Inequality 2.

Americans history since 1967 has been complex and troubled. However, the economic fortunes of virtually all Americans have steadily improved.[1] In 1967, 40 percent of households earned less than $35,000; 53 percent earned between $35,000 and $100,000; and 7 percent earned more than $100,000 a year. In 2013, 34 percent of households earned less than $35,000 a year; 43 percent earned between $35,000 and $100,000; and 22 percent earned more than $100,000.

The share of households earning more than $100,000 increased from 7 percent to 22 percent. This 15 percent moved up from the middle class. If nothing changed for the lowest share of households, then the middle class would have fallen to 38 percent. Instead, the share earning less than $35,000 decreased from 40 percent to 34 percent. This 6 percent moved up into the middle class. This pretty much matches up with the 43 percent still earning between $35,000 and $100,000 a year. For all three classes, then, the years from 1967 to 2014 have seen a total of 21 percent of Americans moving from the lower class into the middle class or from the middle class into the upper class. This means that 79 percent of Americans remained in their original class. That doesn’t mean that many of them felt frustrated or deceived.

However, the over-all rise of American household fortunes masks other important trends. First of all, the general process of advance went into reverse after 2000. In 2000, 31 percent of households earned less than $35,000 a year; 45 percent earned between $35,000 and $100,000; and 25 percent earned more than $100,000. Then, between 2000 and 2013, 3 percent of households fell out of the middle class into the lower class, and 3 percent fell out of the upper class into the middle class. So, the American story up to 2000 was even more emphatically one of success. It was followed by a period of retreat. How much of the retreat—and the resulting sense of crisis–arises from the pain of the Great Recession and how much from long term trends like globalization? People were clearly falling backward between 2000 and the onset of the financial crisis in 2008. This decline resulted from foreign competition and new technology.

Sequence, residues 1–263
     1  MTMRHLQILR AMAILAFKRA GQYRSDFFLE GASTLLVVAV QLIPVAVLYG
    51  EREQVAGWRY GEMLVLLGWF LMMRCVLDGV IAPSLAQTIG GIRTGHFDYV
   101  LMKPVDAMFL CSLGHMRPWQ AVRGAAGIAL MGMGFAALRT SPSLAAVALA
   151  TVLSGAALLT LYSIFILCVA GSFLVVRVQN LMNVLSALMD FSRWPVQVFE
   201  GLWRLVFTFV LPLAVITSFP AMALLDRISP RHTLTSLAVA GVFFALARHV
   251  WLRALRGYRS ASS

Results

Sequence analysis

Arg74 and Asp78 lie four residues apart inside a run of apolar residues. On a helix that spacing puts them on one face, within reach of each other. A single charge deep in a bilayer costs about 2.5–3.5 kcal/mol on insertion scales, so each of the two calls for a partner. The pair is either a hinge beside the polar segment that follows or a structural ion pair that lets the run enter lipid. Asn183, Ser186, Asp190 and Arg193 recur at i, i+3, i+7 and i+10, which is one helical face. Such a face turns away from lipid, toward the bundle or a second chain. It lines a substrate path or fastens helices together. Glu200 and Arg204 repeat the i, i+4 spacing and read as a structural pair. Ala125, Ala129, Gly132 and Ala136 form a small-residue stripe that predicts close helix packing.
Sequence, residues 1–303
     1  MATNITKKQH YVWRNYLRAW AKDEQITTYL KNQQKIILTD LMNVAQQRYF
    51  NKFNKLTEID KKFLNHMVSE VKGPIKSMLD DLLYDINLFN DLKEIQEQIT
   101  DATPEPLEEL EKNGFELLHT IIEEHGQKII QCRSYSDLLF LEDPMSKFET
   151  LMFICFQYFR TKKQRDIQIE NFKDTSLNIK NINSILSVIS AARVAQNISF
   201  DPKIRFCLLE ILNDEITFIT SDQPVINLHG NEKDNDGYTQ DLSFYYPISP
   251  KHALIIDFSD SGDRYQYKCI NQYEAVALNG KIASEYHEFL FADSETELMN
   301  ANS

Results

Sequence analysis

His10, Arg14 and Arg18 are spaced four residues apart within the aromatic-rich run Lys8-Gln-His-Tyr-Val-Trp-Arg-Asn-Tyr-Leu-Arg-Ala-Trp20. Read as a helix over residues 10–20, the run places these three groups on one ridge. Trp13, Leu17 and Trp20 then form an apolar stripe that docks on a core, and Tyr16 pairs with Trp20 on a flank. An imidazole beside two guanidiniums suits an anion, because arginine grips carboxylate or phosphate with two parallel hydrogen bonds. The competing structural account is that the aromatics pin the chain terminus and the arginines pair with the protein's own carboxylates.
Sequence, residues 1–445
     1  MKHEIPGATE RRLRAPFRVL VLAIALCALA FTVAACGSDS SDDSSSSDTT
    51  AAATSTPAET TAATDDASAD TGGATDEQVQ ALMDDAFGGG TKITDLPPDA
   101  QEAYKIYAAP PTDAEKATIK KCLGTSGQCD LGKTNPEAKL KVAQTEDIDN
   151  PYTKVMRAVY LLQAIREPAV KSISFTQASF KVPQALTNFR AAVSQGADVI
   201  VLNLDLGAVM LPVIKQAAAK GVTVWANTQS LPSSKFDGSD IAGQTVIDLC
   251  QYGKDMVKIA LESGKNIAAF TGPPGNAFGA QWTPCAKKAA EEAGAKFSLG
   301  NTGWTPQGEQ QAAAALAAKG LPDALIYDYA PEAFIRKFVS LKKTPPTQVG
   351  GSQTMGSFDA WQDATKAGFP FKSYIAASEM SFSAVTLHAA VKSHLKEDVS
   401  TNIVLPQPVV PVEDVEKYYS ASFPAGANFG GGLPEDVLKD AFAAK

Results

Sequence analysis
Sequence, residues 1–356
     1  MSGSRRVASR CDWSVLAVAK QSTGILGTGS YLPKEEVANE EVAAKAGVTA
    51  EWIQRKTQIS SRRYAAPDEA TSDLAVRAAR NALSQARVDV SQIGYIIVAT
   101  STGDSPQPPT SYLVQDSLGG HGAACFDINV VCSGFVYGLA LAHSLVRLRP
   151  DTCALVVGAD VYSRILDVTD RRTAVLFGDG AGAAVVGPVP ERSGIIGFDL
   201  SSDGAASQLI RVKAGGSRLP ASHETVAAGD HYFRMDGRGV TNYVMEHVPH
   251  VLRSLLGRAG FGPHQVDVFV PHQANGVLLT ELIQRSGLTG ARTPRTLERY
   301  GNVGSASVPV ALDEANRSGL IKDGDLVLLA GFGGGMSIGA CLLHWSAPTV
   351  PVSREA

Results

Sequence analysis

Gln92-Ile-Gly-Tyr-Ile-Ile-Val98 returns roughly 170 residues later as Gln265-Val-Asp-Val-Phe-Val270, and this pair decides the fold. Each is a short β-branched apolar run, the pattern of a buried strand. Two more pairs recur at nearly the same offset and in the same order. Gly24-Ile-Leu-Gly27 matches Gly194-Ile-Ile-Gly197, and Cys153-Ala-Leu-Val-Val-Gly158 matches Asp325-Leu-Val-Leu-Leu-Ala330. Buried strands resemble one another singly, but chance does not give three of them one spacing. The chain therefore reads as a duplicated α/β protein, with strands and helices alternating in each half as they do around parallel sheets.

Some of the people who “fell” from the ranks of the middle and upper classes probably were marginal new arrivals. Any economic down-turn would shove them off the ledge. They were the victims of President Obama’s rejection of an adequate stimulus bill back in 2008-2009 and of Republican-enforced austerity policies after 2010.

Average median household income has fallen by 9 percent. Among households headed by people 65 or older, median income has risen by 14 percent since 2000. Partly, the rise in income for older households results from people who continue to work after age 65. Partly, it results from increasingly generous benefits (Social Security, Medicare) provided to older people.

One of the key factors here appears to be education. Even as late as 1992, almost half of middle class families were headed by someone with a high school education or less; slightly more than half by someone with at least some college. Today, 37 percent of middle class families are headed by someone with a high school education or less; 63 percent with at least some college. The middle class has declined most markedly in places that have shifted from industry toward technology and services. New England and New Jersey offer good examples.

How should we deal with globalization, the increased value of education, and the weighting of social policy toward older Americans at the expense of younger Americans?

[1] Dionne Searcey and Robert Gebeloff, “More Fall Out As the Middle Class Shrinks Further,” NYT, 26 January 2015.


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